It's the people dummy! How your employees can provide low-cost options for high-performance buildings.


With all the focus on high-tech solutions and new sustainable architecture, we would like to take the time to recognize the day-in and day-out occupants of our built environment. Their behavior is a key ingredient to helping organizations reach sustainability goals. In typical commercial buildings, occupants are responsible for 50 to 75 percent of energy consumed through their use of lighting, equipment, and HVAC. How can you harness the power of the crowd in your buildings? Try some of these strategies:


  • Print double-sided or print to PDF. 
  • Use less packaging (buy in bulk).
  • Use electronic documents.
  • Give employees resources to contact providers of direct mail to reduce junk.
  • Use smaller margins, font size, and leading in templates to lessen the number of pages per document printed.
  • Do not use a separate cover sheet when faxing.
  • Use interoffice envelopes instead of new envelopes where possible.
  • Encourage paperless and clean-desk policies to help eliminate clutter, reduce use of raw materials, and help keep the office dust free.
  • Instead of providing hard copies of presentations and briefings, have employees bring laptops to meetings to view copy of presentations.
  • Keep all paper dry as wet paper cannot be recycled.


  •  Eliminate fax machines and move to e-fax technology.
  • Turn off computer and monitor at the end of the day.
  • Enable standby mode on your computer during breaks.
  • Set monitor displays to shut down when not in use.
  • Unplug unused devices.



  • Reuse office supplies such as binder clips, paper clips, file folders, binders, and tape flags.
  • Collect reusable bags from conferences and other events and provide for use by office as needed.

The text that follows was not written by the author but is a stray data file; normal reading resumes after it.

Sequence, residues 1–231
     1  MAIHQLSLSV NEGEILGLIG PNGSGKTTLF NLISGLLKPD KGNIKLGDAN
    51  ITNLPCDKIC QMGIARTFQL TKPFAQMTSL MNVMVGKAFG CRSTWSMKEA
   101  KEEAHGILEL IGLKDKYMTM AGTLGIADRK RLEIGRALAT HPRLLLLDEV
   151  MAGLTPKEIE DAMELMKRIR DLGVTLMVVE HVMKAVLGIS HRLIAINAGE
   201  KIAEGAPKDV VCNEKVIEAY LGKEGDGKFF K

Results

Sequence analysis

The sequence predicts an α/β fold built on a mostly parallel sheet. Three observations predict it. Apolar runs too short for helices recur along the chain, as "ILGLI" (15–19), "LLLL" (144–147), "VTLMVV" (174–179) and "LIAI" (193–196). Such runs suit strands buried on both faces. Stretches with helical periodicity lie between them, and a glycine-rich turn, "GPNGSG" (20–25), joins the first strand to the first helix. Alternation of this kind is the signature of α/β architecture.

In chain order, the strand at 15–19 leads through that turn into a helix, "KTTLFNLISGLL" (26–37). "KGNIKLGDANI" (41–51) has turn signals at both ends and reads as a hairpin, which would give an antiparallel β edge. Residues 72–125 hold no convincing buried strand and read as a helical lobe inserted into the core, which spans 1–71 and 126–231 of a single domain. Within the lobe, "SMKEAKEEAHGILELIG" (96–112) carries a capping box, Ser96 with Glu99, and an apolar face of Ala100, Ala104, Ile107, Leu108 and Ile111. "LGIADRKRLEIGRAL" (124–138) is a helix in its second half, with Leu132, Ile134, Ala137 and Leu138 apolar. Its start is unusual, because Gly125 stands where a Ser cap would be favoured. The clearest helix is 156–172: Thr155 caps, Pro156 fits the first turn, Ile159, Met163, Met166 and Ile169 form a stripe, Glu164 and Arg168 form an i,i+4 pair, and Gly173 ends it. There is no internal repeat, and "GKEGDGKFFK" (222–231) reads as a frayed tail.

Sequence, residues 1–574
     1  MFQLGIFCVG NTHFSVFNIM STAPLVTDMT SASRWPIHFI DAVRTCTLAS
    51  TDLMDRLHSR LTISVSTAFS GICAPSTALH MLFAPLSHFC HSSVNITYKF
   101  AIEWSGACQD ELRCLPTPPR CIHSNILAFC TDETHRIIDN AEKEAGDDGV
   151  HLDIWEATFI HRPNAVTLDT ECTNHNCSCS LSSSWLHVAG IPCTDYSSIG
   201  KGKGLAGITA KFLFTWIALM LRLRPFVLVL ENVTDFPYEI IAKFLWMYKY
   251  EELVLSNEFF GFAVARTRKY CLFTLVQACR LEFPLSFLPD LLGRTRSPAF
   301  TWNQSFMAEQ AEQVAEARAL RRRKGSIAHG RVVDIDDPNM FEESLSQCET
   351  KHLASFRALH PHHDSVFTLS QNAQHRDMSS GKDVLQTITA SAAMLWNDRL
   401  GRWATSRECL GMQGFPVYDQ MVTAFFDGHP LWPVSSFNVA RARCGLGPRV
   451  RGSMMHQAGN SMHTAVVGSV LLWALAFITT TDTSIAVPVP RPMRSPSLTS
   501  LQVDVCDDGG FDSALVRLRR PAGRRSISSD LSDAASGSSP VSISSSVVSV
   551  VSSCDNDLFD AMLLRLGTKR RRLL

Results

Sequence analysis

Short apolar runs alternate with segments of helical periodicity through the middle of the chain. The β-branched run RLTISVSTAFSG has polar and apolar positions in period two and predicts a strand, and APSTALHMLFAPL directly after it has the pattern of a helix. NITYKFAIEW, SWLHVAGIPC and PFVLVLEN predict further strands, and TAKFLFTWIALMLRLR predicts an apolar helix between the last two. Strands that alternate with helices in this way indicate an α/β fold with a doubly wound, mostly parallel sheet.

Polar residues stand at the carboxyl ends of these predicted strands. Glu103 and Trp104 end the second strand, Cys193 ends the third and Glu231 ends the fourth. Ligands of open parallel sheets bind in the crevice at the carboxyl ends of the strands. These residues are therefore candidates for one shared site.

• Eliminate physical rewards such as certificates and plaques; instead provide gift cards or more sustainable gifts that do not add to office clutter.
  • Provide separate recycling for electronics, batteries, and light bulbs.
  • When office materials (including furniture and equipment) must be replaced, search for take-back and salvage programs.


  •  Collect plastic bags and provide for reuse by staff or for take home (they make great trash bags for bathrooms, pet waste bags, dirty gym clothes bags, etc.).
  • Before events and meetings, send an e-mail reminding attendees to bring mugs or reusable cups if beverages will be served.
  • Avoid purchasing boxed meals.
  • Use less bottled water.
  • Eliminate Styrofoam products.
  • Drain all liquids from plastic bottles.
  • Wash and rinse any food remains and pour away excess liquid before placing containers in the recycling bin.


  • Turn off lights.
  • Lower blinds when the sun is at its peak.

Education and Enrollment

  • Educate employees on office consumption (such as energy and water usage, trash generation, etc.).
  • Encourage the formation of green teams.
  • Post employee manuals and similar materials online rather than distributing paper copies.
  • Host in-office education sessions on how to engage in sustainable behaviors in the office.
  • Create joint-purchasing programs with other tenants in the building to buy supplies in bulk.
  • Encourage employee exchanges by setting up informal lending libraries for items such as books, magazines, CDs, and DVDs. Or, set up days for people to bring in items to swap; anything not taken at the end of the day could be given to charity.
  • Offer incentives for employee engagement in sustainable behaviors.
  • Support a casual dress code to allow comfort and greater temperature variation (wear boots in the winter and short-sleeves in the summer).
  • Encourage the use of stairs over elevators.
  • Provide clear signage on what should be recycled/composted/ thrown away.
  • Adopt health and wellness initiatives.


  • Provide bike share or car share options.
  • Provide bike racks and showers.
  • Provide rideshare information or carpool boards.
  • Subsidize transit.
  • Provide carpool/vanpool/energy-efficient car parking.
  • Offer flexible work arrangements or compressed work weeks to reduce peak-time commuting.

Travel Reduction

  •  Provide teleconferencing capabilities.
  • Use web meetings through mediums such as Live Meeting, Office Communicator, SharePoint, and TelePresence.